Since this is the last week of my summer internship here at Sunset, I got started thinking about all the history behind this 116-year-old p...
What Was Sunset Up to 100 Years Ago?

Since this is the last week of my summer internship here at Sunset, I got started thinking about all the history behind this 116-year-old publication. Where was the first garden we planted? What was the first recipe we published? When did we first profile a Western home? And who illustrated the beautiful vintage covers?

Too many questions to answer in two days, surely. So I decided to embrace the essence of Throwback Thursday and start my search with the simplest of queries:

What were we up to 100 years ago?

Here is what I knew prior to digging through our archives:

  1. Sunset headquarters used to be in San Francisco.
  2. All of the Sunset offices were destroyed in the 1906 earthquake.
  3. In 1951, Sunset moved to Menlo Park, which we still call home today.
I headed over to our unbound archives (five or six huge file cabinets where we keep old issues), and started searching for the September 2014 issue. Little did I know that almost exactly 100 years ago, Sunset was making history—its own history, at least.

Apart from being a work of art, the September 1914 cover marks the first issue published after Woodhead, Field & Company bought Sunset from the original founders.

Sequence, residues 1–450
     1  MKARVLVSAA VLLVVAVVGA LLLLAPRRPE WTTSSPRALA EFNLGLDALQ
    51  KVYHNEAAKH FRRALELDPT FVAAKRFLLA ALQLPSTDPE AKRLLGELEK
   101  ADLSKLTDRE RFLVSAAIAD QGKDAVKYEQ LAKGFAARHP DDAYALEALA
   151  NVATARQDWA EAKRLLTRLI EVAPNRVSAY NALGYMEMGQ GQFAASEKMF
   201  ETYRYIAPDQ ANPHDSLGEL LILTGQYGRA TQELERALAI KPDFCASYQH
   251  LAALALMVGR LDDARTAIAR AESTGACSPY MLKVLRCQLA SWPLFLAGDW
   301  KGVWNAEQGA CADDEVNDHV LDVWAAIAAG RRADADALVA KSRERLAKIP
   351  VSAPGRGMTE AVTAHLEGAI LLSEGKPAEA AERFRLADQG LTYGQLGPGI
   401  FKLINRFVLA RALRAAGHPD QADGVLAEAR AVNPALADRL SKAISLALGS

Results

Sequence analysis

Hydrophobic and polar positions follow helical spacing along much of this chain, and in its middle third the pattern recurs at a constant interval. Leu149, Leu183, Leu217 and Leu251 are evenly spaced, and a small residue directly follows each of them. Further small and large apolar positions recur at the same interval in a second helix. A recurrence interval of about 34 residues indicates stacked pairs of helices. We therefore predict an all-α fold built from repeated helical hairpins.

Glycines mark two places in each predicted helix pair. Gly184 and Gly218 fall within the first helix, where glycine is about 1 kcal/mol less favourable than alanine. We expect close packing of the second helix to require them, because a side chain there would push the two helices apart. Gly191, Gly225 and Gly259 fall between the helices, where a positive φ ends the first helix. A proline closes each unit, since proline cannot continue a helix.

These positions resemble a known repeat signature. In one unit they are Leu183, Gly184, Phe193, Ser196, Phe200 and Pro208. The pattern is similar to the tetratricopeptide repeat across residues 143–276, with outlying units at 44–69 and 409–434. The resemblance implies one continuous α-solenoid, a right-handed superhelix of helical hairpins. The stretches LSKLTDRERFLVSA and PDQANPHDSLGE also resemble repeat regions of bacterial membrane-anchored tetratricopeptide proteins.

This tidbit of magazine trivia becomes more compelling in context. Prior to September 1914, a railroad company called the Southern Pacific owned Sunset. Southern Pacific founded the magazine largely to develop its market (travel in the West), so the magazine was often characterized by sweeping views of western landmarks and detailed destination guides.

But after Woodhead, Field & Company’s purchase, Sunset shifted into a new era. World War I had just started brewing. The Panama Canal opened. The world was changing, and the West was on brink of it all. The evidence is captured perfectly within the pages of our old issues:

An ad from the Puget Sound Tourists and Homeseekers Bureau trying to convince people that Seattle is, indeed, a city.

A political cartoon about the opening of the Panama Canal.

An ad for the continued development of the telephone.

The following month’s cover story was “The War of Wet and Dry,” an expose of the prohibition push in California, Oregon and Idaho.

December 1914’s cover story was “The War Maker,” two opposing views of Wilhelm II, the last German emperor.

The Sunset archives hold a fascinating and humbling collection of history. But my favorite part is still the beautiful artwork—and that was the question I really wanted answered.

Who is “W.H. BULL?”

Those initials—sometimes even just “W.H.B.”—are on nearly every gorgeous illustration in the archives. I conducted a quick Google search for the name.

William H. Bull moved from New York to California around 1894. He was hired as an artist for the Southern Pacific Railroad, but designed covers and interior images for Sunset even after it was bought. He lived in San Francisco for a while, and likely moved to San Mateo, CA around 1901, where he lived until his death.

It turns out, W.H. BULL’s art is not all that common. But he sure made his mark on the Sunset legacy and, it seems, lived the kind of life that Sunset was originally created to promote.

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